Six Years at the Russian Court site design by Bob Atchison Alexander Palace Time Machine
Six Years at the Russian Court - by Margaret Eager

CHAPTER 4

CONCERNING ST. PETERSBURG

A FEW weeks after my arrival in Russia we went to Tsarskoe Selo-the name means "The Tsar's borough." It is a pretty little town, surrounded by great forests, and has a population of a couple of thousand souls. The forests are for the most part evergreen, though there are also silver birch, oak, and ash. trees. There are two palaces in this little town. The Great, or Catherine's Palace, and the Little, or Alexander's Palace, which she built for her grandson, Alexander I. We resided in the latter. It is a white Grecian building with a green roof. It is situated in a pretty park, and stands quite close to the road. It has two wings and the main body. In one wing live the Emperor, Empress, and the children, with their households. When I first went to Russia the children's suite was small, though pretty, but now the nurseries at Tsarskoe Selo are very fine, consisting of about eleven rooms. In the bathroom is a stationary bath of solid silver, used for the bigger children. There is a small silver bath for the use of whatever baby reigns. Each child's name is engraved upon it, so it forms a historical record. It was apparently bought for Nicholas I., and bears his name and those of his family. We also find the names of Alexander II., and of Marie, afterwards Duchess of Edinburgh. The last name added was that of Alexis, the little baby who was born in August, 1904.

The walls of all the new rooms are painted in oil with beautifully executed friezes of the same flowers as appear in the chintz, interspaced with golden butterflies or birds. The bathroom has sea-gulls painted on the frieze. At the end of this suite is the play room. It has eight windows overlooking the park and gardens. It is all yellow and green, like a bunch of daffodils, and has a frieze of peacocks strutting about amidst greenery. The carpet is a pale sage green, unpatterned. Over each window is a panel, in painted poker work, each representing some scene in animal or bird life. There are two fireplaces in this great room, but as the rooms are all heated with hot air, the fires are not required excepting for ventilation.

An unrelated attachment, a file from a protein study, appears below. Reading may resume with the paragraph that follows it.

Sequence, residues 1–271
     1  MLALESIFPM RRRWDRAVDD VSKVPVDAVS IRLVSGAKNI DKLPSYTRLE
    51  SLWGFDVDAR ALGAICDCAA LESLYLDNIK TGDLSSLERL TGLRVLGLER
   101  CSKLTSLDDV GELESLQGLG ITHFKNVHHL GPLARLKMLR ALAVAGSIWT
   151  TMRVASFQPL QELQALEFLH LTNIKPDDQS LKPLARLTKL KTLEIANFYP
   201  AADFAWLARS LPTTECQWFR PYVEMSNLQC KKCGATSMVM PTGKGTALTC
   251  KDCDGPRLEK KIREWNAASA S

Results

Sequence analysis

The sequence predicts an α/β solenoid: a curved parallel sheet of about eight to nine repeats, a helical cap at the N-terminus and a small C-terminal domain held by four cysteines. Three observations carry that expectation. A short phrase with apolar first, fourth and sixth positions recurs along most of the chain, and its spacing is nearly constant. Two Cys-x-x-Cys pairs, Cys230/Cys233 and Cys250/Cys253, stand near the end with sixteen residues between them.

Catherine II. must have loved lilac, for the parks at Tsarskoe Selo are full of it. There are as many as eight different varieties, and in the summer evenings the perfume is delicious. I have been told that she sent into all countries and paid fabulous prices for some of the specimens. However, they have repaid the trouble she took. In some places the bushes look like great bouquets, so full and round are they, and there are several avenues lined on each side with it.

The park is fourteen miles in circumference. Catherine had very good ideas about laying out a park or gardens, also the building of a palace. There are great halls and state-rooms lined with marble. There is a great deal of pale-blue marble which is so exceedingly rare; also pink and yellow marble. The person who "Dreamt that she dwelt in marble halls" might awaken there and find her dream realised.

The great palace contains the far famed Amber-room. All the walls are inlaid with mosaic work of amber in different shades. Chairs, tables, and ornaments are carved in it. This room was prepared by her father for one of the former Empresses of Russia. President Loubet had a suite of rooms in this palace. There are many fine pictures. There is a great banqueting hall with twenty-eight windows in it, and here is the church which the Imperial family attend.

Between the two parks are the Little Caprice and the Great Caprice. The story goes that on one occasion Catherine II., walking with a favourite and trusted Minister in the park, complained of the flatness of the country, saying that it would give her great pleasure to come out the following morning and find a hill just where she stood. To hear was to obey. The minister started work immediately. The entire population of the country side was impressed. The work was carried on throughout the night, an arched way of stone was raised across the road, by excavating and digging, and a hill actually appeared before morning. This hill was afterwards covered with trees and shrubs.